New York regulators on Thursday voted to grant conditional cannabis cultivation licenses to a number of hemp businesses as one of the first steps toward ensuring an adequate supply of cannabis when the state’s adult-use market launches later this year.
And separately, the Cannabis Control Board (CCB) approved revised regulations to allow medical cannabis patients to grow their own plants for personal use following a public comment period on initial rules that were proposed last year.
It’s been about a year since an adult-use legalization bill was enacted into law, and regulators have spent months preparing for implementation. At CCB’s meeting on Thursday, members approved 52 conditional cultivation licenses. More than 150 applications had been submitted, and remaining applicants will continue to be reviewed on a rolling basis.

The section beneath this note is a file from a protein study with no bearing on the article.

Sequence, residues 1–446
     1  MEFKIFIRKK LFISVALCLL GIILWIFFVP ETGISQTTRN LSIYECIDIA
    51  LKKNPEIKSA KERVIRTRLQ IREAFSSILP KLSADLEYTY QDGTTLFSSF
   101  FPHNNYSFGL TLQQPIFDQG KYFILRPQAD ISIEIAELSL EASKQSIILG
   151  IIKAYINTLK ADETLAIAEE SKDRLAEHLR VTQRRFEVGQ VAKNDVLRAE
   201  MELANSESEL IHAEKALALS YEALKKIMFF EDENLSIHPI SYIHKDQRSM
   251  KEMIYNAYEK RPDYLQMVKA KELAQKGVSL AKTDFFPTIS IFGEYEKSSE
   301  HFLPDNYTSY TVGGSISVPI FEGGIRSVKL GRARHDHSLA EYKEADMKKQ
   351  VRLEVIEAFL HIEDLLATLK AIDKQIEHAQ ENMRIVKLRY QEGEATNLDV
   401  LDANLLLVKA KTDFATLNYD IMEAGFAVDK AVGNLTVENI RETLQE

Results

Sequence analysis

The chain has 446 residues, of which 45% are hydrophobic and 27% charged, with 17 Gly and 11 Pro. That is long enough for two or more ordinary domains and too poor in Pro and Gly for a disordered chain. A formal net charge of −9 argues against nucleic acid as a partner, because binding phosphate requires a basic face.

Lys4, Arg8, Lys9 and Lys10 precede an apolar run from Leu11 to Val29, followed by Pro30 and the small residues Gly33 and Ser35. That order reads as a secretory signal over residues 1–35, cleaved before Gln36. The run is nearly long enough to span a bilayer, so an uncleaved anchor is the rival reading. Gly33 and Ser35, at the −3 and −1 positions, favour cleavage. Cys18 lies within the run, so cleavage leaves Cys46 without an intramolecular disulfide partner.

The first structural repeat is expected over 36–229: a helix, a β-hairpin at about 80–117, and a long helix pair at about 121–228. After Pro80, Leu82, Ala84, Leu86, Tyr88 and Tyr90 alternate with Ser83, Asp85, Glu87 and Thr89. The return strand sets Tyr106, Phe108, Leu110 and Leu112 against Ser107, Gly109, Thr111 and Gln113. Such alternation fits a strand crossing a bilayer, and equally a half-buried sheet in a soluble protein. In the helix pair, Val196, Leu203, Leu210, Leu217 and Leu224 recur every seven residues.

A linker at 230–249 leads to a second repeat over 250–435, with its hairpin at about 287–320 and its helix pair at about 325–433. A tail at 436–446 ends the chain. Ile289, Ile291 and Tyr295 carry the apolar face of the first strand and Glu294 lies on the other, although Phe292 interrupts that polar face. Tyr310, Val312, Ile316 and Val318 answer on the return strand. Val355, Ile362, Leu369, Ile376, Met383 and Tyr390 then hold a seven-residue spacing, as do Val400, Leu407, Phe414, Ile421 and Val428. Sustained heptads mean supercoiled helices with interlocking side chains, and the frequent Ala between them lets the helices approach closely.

“New York’s farms have been the backbone of our state’s economy since before the American Revolution, and now, New York’s farms will be at the center of the most equitable cannabis industry in the nation,” Gov. Kathy Hochul (D) said in a press release on Thursday. “I’m proud to announce the first adult-use cannabis cultivation licenses in the state, and I’m proud of the work the Office of Cannabis Management and the Cannabis Control Board are doing to get adult-use cannabis sales up and running as fast as possible without compromising our mission to uplift communities and individuals most impacted by the past century of cannabis prohibition.”
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